Costa Rican and MSU officials help dedicate new anaerobic digester
Many dignitaries from the United States and Costa Rica gathered in the Central American country this week to officially commission a newly built anaerobic digester, the product of a partnership between Michigan State University and the University of Costa Rica.
An anaerobic digester takes organic waste – anything from food scraps to animal manure – and turns it into energy.
The project was funded by a $1 million grant from the U.S. Department of State’s Division of Western Hemisphere Affairs. Partners included the University of Costa Rica, Nicaragua’s Universidad Nacional Autónoma de Nicaragua León, and Panama’s Universidad Autónoma de Chiriquí.
Participants in the event included Alain Norman, Embassy of the United States – San Jose, Regional Environmental Officer for Central America and the Caribbean; Rene Castro, Costa Rica’s minister of environment, energy and technology; Henning Jensen Pennington, University of Costa Rica rector; and Steve Pueppke, MSU associate vice president for research and graduate studies.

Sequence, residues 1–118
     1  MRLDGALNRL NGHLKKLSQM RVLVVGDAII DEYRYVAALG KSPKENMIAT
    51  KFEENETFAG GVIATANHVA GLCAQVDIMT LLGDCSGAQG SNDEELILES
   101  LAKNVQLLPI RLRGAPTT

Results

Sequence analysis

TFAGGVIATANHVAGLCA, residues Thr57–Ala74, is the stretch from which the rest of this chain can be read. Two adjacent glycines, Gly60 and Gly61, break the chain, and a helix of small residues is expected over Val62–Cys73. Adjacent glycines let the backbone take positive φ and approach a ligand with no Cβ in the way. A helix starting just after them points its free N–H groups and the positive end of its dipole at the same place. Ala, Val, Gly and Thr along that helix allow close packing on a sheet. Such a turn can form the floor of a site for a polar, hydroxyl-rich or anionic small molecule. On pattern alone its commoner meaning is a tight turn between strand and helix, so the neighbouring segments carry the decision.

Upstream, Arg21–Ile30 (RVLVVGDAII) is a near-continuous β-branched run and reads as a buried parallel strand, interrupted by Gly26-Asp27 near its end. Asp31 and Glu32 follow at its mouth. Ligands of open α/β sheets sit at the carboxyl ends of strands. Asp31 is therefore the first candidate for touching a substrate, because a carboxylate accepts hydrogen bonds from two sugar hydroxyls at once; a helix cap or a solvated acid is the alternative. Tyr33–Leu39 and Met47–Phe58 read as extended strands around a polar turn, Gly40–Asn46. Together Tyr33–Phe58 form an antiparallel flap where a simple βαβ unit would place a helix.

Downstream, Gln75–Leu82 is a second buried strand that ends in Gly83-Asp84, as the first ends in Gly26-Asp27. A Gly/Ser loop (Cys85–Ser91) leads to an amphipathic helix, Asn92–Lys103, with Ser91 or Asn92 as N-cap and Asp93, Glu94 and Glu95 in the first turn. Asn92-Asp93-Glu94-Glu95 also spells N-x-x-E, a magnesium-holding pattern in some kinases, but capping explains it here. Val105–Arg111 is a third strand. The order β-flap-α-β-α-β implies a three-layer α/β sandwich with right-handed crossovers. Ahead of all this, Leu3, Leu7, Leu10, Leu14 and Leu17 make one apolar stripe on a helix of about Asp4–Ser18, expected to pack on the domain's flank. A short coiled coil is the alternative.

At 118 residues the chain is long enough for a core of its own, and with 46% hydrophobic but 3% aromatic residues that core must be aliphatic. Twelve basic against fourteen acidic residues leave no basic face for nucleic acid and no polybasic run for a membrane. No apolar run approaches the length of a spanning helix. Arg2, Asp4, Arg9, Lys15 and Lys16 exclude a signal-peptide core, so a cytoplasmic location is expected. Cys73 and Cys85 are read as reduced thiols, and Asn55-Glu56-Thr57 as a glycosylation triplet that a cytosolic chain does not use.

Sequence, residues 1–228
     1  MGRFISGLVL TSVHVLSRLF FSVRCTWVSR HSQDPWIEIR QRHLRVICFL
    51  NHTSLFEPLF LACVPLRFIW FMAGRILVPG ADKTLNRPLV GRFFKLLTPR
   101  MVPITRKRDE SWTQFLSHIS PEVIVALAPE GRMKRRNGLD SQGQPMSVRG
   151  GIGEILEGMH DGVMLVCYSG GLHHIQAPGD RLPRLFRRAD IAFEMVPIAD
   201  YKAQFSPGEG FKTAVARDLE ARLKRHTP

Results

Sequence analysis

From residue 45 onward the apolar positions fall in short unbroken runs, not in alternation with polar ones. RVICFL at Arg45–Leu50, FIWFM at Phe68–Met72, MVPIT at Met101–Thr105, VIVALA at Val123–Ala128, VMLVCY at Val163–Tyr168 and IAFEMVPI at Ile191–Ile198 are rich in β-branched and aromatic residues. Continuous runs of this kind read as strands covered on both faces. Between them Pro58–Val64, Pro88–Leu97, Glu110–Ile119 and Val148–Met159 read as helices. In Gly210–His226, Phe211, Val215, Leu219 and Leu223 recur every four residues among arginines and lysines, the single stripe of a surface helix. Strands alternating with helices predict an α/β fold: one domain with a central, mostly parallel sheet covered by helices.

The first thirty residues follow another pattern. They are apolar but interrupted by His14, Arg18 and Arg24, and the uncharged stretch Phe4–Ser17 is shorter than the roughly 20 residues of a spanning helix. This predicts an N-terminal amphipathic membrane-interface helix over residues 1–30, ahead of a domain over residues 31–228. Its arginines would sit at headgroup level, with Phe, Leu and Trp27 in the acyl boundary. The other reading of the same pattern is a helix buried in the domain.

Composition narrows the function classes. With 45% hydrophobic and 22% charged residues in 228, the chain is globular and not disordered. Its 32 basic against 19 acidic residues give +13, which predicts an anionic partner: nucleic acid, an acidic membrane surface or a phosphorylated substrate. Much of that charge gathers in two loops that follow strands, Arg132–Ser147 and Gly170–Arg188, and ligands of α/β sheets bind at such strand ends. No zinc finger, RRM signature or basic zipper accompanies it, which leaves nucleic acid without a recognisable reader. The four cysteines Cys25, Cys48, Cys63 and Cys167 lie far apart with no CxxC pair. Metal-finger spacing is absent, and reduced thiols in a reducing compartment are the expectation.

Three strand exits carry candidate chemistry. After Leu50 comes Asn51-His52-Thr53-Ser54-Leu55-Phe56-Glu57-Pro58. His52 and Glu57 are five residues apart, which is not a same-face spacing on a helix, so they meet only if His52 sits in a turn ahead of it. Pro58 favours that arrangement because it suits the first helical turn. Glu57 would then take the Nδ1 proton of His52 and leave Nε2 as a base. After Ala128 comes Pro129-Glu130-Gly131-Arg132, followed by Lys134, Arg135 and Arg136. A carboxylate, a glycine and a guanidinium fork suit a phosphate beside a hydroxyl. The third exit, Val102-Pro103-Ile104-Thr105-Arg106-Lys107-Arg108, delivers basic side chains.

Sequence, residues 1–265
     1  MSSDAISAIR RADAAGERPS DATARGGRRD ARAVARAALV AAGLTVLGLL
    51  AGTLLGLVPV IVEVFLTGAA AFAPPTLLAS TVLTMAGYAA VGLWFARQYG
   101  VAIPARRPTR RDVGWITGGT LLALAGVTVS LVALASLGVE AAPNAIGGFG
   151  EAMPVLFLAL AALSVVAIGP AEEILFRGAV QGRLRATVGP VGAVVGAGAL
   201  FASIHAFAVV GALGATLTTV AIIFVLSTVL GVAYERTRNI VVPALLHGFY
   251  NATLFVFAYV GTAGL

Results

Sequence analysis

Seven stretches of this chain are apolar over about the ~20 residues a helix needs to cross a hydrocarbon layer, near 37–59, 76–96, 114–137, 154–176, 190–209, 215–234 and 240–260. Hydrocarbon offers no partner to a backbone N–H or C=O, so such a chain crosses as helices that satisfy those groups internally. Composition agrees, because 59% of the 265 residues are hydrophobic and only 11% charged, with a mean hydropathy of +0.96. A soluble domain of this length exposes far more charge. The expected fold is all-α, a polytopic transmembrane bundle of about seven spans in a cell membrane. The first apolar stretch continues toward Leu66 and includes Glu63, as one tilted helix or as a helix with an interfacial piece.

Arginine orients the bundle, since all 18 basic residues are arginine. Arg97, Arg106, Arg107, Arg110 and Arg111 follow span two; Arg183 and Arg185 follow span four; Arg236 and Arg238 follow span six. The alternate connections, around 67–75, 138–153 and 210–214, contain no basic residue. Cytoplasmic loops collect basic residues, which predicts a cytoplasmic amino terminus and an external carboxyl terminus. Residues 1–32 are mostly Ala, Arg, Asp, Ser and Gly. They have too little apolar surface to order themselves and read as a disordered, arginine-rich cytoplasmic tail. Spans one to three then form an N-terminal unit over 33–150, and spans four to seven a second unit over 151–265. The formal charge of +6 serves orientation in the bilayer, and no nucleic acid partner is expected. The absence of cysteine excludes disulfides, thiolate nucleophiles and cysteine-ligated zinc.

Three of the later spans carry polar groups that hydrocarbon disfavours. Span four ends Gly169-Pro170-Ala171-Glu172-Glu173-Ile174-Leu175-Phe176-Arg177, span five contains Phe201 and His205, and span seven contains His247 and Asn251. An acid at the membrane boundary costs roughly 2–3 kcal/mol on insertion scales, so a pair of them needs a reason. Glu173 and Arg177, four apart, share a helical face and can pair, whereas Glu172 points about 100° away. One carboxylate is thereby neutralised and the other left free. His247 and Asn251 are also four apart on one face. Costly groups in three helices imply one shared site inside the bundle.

The anaerobic digester does its work in an airtight tank. Using solar energy, the material is heated to about 115 degrees Fahrenheit for 20 days. Microorganisms in the manure break down the organic material, creating biogas that can be burned for heat or electricity, as well as partially decomposed organic matter, water and nutrients that can be applied to crop fields as fertilizer.
The project is expected to provide energy for a recycling center at the Fabio Baudrit Agricultural Experiment Station in the Costa Rican city of Alajuela.